How Iran built a skyscraper in the middle of New York City and held onto it for decades

Not exactly subtle.
Not exactly subtle.
Image: Reuters/Brendan McDermid
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Give Iran credit for chutzpah: The rogue state has owned and operated a $760 million skyscraper in Manhattan for decades, thanks to front companies and offshore tax havens. Today, the US government finally seized it after a multi-year legal battle.

The story starts when Iran and the United States are on better terms, before the 1979 revolution. A charitable trust set up by the Shah of Iran built the 36-story building at 650 Fifth Avenue, just blocks from Rockefeller Center. If you’re wondering why a charitable group decided to construct an office building in one of the world’s most expensive cities, it’s because—then, as now—these government-run institutions, called bonyads in Iran, are often sources of patronage that disguise the state role in the economy.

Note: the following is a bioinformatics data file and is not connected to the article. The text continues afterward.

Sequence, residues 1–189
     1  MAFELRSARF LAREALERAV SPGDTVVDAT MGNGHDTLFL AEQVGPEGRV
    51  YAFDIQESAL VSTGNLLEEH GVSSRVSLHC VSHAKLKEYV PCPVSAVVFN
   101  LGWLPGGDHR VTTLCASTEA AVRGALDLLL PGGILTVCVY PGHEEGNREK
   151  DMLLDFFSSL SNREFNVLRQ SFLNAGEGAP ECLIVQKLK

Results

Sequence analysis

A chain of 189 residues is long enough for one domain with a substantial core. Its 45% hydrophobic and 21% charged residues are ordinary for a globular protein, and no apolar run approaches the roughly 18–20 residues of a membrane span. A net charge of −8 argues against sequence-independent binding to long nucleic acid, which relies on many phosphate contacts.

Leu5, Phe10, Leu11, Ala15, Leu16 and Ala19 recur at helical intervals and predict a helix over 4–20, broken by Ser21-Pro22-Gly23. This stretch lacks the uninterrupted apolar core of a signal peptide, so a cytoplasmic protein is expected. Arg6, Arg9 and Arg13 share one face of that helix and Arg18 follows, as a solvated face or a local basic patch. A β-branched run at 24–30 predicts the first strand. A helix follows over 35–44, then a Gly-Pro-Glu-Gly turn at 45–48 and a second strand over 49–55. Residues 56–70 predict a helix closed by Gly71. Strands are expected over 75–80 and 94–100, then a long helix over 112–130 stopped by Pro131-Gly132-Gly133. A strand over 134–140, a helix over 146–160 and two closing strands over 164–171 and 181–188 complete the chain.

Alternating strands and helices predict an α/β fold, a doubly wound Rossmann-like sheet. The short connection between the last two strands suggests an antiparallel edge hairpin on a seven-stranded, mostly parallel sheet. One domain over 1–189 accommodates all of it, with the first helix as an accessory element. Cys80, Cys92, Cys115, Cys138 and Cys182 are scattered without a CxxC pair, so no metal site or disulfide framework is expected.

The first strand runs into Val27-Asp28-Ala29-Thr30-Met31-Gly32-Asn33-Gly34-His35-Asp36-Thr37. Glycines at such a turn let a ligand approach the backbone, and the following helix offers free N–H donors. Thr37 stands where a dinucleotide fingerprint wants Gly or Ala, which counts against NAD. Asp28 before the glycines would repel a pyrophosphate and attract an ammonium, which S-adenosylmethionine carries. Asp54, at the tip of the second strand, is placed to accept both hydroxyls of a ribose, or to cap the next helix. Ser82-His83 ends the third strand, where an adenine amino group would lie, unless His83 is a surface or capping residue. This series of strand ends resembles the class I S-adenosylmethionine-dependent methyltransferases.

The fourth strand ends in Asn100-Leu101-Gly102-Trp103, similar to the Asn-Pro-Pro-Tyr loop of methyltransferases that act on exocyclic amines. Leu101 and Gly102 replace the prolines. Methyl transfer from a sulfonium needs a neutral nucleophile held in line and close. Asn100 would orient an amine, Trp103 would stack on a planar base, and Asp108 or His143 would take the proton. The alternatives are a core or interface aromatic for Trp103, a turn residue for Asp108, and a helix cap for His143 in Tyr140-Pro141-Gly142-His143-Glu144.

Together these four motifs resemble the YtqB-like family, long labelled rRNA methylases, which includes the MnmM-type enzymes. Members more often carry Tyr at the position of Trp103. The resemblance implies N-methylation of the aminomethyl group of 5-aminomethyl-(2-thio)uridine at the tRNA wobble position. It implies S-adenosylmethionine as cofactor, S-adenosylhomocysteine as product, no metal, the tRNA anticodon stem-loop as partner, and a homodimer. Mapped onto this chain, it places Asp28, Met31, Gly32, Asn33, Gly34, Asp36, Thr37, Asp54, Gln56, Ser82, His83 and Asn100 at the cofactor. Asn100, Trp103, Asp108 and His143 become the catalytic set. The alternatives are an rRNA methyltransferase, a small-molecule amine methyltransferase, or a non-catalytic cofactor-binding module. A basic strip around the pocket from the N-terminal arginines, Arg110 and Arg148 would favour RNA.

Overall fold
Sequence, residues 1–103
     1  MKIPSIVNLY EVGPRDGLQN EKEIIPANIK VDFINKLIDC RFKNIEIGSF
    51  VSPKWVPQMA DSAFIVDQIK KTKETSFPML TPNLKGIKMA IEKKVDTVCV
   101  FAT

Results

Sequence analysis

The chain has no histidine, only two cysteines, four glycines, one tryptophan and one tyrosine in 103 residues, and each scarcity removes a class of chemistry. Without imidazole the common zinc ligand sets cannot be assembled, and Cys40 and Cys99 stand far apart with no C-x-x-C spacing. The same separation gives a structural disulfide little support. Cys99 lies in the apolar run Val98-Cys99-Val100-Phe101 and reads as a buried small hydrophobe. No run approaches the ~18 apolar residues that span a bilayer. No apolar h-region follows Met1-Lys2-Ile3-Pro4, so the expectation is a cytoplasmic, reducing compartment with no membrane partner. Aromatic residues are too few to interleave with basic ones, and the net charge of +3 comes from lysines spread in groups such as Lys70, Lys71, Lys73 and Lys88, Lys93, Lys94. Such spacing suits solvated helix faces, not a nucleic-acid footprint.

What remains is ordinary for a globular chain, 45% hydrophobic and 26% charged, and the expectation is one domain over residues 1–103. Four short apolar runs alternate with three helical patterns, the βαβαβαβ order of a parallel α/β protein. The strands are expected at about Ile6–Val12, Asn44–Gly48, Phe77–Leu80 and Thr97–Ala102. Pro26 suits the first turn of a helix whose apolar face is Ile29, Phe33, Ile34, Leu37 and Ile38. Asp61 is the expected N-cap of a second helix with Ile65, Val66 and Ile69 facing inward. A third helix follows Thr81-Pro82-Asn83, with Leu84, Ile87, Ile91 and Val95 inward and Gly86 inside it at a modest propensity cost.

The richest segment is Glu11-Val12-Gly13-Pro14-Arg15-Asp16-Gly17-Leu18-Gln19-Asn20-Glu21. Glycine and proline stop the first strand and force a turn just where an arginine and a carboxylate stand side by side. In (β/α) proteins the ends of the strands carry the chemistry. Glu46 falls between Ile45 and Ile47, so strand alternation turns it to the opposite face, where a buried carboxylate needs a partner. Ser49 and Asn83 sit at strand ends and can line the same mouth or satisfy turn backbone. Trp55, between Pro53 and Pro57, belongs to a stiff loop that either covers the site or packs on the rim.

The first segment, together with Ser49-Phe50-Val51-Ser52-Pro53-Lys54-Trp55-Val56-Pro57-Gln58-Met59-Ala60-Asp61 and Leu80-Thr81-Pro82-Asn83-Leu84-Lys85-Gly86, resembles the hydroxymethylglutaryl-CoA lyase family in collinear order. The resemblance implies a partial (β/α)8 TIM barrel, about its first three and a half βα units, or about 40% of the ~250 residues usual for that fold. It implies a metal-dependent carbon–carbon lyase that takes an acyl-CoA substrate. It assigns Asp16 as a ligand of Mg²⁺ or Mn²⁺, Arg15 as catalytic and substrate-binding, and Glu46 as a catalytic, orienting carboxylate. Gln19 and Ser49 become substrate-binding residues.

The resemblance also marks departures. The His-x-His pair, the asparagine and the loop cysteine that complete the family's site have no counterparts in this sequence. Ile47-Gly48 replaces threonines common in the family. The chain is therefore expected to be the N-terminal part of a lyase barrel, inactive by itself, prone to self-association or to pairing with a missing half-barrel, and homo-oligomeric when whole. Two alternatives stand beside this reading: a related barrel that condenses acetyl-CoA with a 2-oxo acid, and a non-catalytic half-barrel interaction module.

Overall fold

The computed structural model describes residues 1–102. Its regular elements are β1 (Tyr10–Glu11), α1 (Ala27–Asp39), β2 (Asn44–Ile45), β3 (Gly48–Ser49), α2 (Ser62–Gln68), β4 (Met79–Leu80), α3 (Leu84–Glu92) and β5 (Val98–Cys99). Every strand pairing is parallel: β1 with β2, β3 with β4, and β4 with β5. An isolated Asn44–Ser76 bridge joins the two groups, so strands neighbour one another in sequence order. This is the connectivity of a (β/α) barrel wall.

After the Shah was ousted, the new Iranian theocracy smoothly assumed control of his foundation, switching out the directors and renaming it the Alavi Foundation. The building had been financed with a loan from Iran’s largest government-controlled financial institution, Bank Melli. In 1989, the government-controlled foundation, allegedly dodging taxes, transferred 40% of the building to a front company, Assa Corporation, in the UK’s Jersey Islands, and the loan was cancelled.

After the US enacted sanctions against working with the Iranian financial system, including Bank Melli, prosecutors successfully sued to seize Assa Corporation’s share of the building. They alleged that Iran disguised some $39 million in rental income through its front company. That money came from blue-chip tenants, including Met Life Insurance, Citibank, and Equity 1.

In the course of the investigation, the head of the Alavi Foundation was convicted of obstruction of justice. He attempted to destroy documents that revealed the foundation’s extensive knowledge of Bank Melli and the Iranian government’s control of the building and the foundation itself.

Barring a successful appeal, the feds reportedly plan to sell the building and give the proceeds to the victims of terrorist attacks connected to Iran.